Let’s face it, parenting is serious business, but in China is definitely harder than in many other countries. Traditionally, young married couples are expected to have children by the age of 25 and are usually caught between parents eager to see their newborn grandchildren, and a job market offering the best opportunities in first-tier cities along the coast, usually far away from home. However, if we look closely to the consumers, we can see two main strains: a segment who now cherishes independence and autonomy from “family pressure”, therefore remaining single and adopting a pet; a second segment who opted for a “modern” version of parenthood, one that aims at finding a balance between family and their own passions or careers.
1. Chinese Consumers: Super Moms and Super Dads
Called Super Moms and Super Dads, those parents, usually born from mid- 80’s and early 90’s, are very careful on their children lifestyle and wellness without renouncing to their own life.
These new generations of moms and dads want to see their children prosper, and to do so they usually spend their hard-earned money on the best nutritious, toys and educational packages to provide their offspring all the care and support they can give them. By doing so, they seek to give them an edge over other kids to better prepare them for the challenges of adulthood. At the same time, these couples understand the importance of their self-independence and wellbeing, thus sticking to their hobbies, new fashions and fitness routines.
2. Consumption habits
As a recent report from Alarice pointed out, many families devote to their children around 1000 – 5000 RMB per month. If we take into consideration the average salaries of post 85’s and post 90’s moms, usually set between either 3–5K RMB and 5–10K RMB (CBNData, in Chinese), we can see that purchases for childcare products already takes up a big chunk of their incomes.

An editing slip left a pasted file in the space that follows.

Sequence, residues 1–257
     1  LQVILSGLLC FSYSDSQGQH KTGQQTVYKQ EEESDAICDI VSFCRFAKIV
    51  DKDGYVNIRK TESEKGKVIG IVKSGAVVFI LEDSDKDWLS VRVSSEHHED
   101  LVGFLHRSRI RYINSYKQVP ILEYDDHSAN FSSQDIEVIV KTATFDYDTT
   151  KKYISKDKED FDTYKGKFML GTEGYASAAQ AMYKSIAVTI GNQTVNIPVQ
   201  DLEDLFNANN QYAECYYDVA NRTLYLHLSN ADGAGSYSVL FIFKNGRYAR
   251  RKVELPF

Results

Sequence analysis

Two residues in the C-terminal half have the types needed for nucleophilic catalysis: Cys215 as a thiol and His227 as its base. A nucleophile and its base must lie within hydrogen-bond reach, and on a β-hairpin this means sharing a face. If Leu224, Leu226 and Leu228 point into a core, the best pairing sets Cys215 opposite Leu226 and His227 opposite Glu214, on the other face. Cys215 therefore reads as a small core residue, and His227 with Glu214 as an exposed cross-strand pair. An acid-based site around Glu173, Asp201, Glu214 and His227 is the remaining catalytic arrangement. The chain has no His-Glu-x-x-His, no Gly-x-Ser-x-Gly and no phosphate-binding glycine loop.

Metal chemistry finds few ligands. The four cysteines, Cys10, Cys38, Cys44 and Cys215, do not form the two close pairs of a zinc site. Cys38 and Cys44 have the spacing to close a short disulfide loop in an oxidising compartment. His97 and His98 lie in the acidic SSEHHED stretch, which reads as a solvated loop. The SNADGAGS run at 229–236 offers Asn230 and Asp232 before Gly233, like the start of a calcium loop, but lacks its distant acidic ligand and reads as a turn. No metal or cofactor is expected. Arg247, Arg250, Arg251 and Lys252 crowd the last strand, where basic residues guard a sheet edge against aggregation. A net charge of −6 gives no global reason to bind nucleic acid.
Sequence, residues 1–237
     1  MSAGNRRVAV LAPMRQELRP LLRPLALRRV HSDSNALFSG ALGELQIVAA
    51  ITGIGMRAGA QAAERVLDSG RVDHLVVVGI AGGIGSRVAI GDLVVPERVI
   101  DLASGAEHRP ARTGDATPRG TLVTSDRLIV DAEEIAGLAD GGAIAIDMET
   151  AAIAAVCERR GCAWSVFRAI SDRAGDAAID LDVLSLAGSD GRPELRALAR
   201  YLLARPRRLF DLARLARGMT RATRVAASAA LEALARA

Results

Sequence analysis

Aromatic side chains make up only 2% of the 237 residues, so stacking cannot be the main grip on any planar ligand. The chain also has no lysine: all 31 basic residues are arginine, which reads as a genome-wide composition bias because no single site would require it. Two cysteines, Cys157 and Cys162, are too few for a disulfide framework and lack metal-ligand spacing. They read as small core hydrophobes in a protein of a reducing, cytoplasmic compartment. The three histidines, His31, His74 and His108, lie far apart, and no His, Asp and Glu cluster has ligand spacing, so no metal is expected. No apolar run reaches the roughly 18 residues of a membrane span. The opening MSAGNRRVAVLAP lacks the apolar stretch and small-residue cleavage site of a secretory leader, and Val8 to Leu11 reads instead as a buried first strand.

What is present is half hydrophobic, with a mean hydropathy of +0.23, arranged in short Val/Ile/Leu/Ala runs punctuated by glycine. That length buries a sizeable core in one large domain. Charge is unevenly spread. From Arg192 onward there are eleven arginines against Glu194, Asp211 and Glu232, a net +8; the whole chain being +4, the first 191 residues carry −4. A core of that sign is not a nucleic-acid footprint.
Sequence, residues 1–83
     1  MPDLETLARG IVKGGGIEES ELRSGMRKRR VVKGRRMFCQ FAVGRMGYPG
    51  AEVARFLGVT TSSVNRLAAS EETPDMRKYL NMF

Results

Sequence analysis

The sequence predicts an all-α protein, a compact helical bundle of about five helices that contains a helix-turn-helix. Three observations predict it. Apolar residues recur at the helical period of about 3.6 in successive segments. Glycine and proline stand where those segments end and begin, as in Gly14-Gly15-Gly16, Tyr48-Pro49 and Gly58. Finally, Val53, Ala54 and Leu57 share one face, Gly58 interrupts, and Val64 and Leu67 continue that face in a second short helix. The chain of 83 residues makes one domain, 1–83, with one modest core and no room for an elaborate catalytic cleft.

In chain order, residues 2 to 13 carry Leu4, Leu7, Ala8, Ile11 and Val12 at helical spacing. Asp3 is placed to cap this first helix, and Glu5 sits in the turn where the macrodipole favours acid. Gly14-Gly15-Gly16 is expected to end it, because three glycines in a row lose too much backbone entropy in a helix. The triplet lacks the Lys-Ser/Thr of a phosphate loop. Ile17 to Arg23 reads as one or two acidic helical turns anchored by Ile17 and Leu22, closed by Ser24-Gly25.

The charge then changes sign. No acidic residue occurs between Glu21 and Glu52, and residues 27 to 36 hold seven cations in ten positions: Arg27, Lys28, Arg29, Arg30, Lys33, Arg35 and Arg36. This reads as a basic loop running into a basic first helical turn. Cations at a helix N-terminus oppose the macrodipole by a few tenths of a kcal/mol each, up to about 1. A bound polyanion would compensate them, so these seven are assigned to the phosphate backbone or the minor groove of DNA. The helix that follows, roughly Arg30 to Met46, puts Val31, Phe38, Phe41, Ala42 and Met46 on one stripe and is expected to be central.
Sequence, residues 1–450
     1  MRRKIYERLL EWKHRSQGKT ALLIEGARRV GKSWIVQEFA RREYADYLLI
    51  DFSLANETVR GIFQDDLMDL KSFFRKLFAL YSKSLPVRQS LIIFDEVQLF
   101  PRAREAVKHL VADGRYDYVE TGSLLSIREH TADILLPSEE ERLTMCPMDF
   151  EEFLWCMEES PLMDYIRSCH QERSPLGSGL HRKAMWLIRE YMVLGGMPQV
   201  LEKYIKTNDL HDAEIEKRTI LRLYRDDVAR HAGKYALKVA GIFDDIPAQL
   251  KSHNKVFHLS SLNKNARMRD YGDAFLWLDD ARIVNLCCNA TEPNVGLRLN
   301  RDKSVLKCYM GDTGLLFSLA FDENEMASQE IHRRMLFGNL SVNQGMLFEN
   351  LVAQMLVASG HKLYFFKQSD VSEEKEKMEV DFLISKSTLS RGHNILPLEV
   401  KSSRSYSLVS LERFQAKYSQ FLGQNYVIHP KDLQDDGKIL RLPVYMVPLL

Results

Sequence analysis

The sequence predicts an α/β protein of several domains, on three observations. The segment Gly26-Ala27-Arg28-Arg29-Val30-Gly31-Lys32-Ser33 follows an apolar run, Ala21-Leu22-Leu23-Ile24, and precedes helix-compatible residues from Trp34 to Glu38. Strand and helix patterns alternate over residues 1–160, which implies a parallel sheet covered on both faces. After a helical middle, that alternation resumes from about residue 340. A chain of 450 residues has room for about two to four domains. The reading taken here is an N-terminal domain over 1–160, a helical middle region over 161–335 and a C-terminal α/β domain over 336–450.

This happens because modern moms are now much more aware of the harms of low-quality products and will weigh low prices against the long-term effects of these products on their children, orienting parents towards premium brands.
At the same time, dads are also a growing segment of the market, as they are becoming more and more involved with the growth of their children compared to previous years. Super dads now participate to the purchasing journey of childcare products together with their spouses, but still want to remain “up to date” with the latest trends in fashion, and dedicate their free time to fitness activities and work-out (iResearch, in Chinese).
3. New opportunities for local and international brands
Brands should keep in mind that these 2.0 parents are also tech savvy consumers, hence social media and e-commerce are the key to open up this market. Social media, and WeChat mostly, are used to share opinions, discuss about common questions related to parenthood and children, and to gather precious intel through mostly articles and short videos.
Super moms and super dads tend to be much more prone to listen to what the net has to teach them rather than asking suggestions from their parents. Online, they usually stick to what their friends tell them, or to experts’ opinions, while also using parenting and mother & baby apps.
E-commerce is the preferred choice when it comes to purchases, as online channels allow easier access to international brands. In particular, cross-border e-commerce can help brands working in this industry to export their products to China without going through the standard procedures of general trade, such as infant formula for example.
Chinese parents are shifting their behaviors to strike a balance between kids and their own interests. One thing is certain: this new consumer group is growing and the key to their heart goes through online platforms.
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